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What is the FSA ID? The Top 5 FAFSA Terms You Need to Know

You probably already know the FAFSA is the Free Application for Financial Aid. And you need to submit one to have a chance at qualifying for any federal student aid. Before you dive into all that form-filling, make it easier on yourself by taking a minute to review some of the new terms you're going to run into.

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Your Federal Student Aid Identification is the username and password you'll create to log in to the FAFSA website, as well as any other federal website that contains your education loan and grant information. It’s used in place of an electronic signature and also acts as a sign-in ID to initiate and amend forms.

Parents signing their children’s forms online also need their own FSA ID. 

Your FSA ID serves as your legal signature online, so be sure to carefully protect it. 

See also: How Does the FAFSA Work?

2. Parent information

Parent information refers to the parental asset and income information you have to provide. Whose info you report can be tricky to figure out for divorced or non-traditional family structures, but there are rules to follow. In short: If your parents are still married, report both of their incomes and assets. If your parents are divorced or separated and don’t live together, report the financial information of the parent you lived with the most during the year. If that parent is married, you’ll also report step-parent income.

See also: 4 FAFSA Tips for Students with Divorced Parents

3. Independent Student

Students are classified as either dependent or independent students. Which status you have makes a big difference in your potential aid amount. Independent students can get more financial aid because their parental financial information doesn’t affect how much aid they receive.

So if an independent student made $10,000 in one year and her parents made $120,000, need-based financial aid is awarded based on the student's $10,000 income.

Most students going straight from high school to college are considered dependent students, whether or not their parents contribute to their college expenses. The primary exceptions: students who were in foster care, are married, whose parents are deceased, or who have been legally emancipated. Active duty military service also leads to independent status.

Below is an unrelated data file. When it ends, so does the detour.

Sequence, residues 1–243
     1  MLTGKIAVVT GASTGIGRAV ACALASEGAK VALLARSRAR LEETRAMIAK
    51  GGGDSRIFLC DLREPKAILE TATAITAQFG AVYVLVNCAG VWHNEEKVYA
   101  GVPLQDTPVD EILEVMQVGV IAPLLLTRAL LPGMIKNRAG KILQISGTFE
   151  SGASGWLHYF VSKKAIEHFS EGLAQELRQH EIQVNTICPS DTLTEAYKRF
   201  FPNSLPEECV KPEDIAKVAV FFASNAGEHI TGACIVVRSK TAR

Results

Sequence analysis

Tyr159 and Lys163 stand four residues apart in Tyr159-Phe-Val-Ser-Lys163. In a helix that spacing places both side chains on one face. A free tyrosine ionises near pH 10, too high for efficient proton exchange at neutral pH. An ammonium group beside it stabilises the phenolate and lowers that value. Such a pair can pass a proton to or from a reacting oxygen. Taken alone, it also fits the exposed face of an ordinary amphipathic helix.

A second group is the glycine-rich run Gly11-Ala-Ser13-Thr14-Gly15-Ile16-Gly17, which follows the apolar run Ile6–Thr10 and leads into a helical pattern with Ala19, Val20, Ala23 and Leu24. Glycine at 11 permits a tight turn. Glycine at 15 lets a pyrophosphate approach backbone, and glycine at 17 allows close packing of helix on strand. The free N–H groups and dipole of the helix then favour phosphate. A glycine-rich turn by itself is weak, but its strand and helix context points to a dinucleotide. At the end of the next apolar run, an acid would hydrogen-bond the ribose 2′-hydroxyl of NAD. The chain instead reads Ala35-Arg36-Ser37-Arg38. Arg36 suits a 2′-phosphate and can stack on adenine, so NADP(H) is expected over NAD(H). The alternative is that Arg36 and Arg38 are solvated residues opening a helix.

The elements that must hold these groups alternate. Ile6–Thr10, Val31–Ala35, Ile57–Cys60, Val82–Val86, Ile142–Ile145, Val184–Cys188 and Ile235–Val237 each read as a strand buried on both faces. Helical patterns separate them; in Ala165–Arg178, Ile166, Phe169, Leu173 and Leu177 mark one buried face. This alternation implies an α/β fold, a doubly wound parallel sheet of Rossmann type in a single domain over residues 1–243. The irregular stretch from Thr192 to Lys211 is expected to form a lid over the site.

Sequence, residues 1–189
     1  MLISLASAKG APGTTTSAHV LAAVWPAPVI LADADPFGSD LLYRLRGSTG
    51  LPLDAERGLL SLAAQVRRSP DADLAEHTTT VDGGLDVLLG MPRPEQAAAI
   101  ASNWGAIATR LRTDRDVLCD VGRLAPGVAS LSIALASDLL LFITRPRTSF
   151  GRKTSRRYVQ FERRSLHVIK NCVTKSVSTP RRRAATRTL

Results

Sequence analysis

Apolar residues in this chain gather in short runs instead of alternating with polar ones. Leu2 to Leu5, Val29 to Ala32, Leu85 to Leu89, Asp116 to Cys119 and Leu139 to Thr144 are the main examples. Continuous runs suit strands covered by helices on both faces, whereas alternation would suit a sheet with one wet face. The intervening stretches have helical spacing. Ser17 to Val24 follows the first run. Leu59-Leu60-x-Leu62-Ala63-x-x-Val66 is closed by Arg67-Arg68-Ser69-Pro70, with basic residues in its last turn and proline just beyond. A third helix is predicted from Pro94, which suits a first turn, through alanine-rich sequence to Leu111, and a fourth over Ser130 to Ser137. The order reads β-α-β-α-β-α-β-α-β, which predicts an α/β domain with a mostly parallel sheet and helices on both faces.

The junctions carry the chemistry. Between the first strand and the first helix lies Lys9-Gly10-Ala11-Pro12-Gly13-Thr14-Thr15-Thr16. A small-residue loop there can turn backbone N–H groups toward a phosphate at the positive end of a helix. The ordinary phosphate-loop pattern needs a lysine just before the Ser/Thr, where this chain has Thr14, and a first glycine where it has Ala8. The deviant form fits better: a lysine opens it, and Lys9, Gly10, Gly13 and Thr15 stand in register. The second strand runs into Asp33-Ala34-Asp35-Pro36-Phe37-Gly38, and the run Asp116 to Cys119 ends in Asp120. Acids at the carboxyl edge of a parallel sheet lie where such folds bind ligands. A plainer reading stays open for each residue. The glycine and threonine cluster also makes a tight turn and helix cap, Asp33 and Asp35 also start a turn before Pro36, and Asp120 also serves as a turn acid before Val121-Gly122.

Aside from those situations, independent students are generally 24 or older. 

See also: How to Answer Independent v. Dependent Student for the FAFSA

4. School Codes

Each school that qualifies for federal financial aid has an associated school code. But the schools you apply to won’t know you want financial aid unless you tell them. Filling in school codes on the FAFSA is your way of letting them know that, if you're accepted and decide to attend, you'd like them to give you some money.

The school codes are easy to find by using this link. Don’t forget a school code! Keep in mind that you're not in any way obligated to attend or even apply to schools listed, so it’s best to include any school that could be a potential college choice.

See also: The #1 Most-Costly Mistake People Make When Paying for College

5. Financial aid

A lot falls under the financial aid umbrella, including grants, scholarships, student loans, and work-study. The FAFSA covers all federal aid as well as some state-based and college-based aid. When you fill out the FAFSA, you're asking about your financial aid eligibility. But you only accept what you want. For instance, you can reject all or some of the student loans you're offered. The biggest mistake you can make is not filling out the form, especially when part of the award could be money that doesn’t have to be repaid.

FAFSA help is available 

Be sure to check our question-by-question FAFSA guide to help ensure that you qualify for the maximum amount of financial aid that you're entitled to. 

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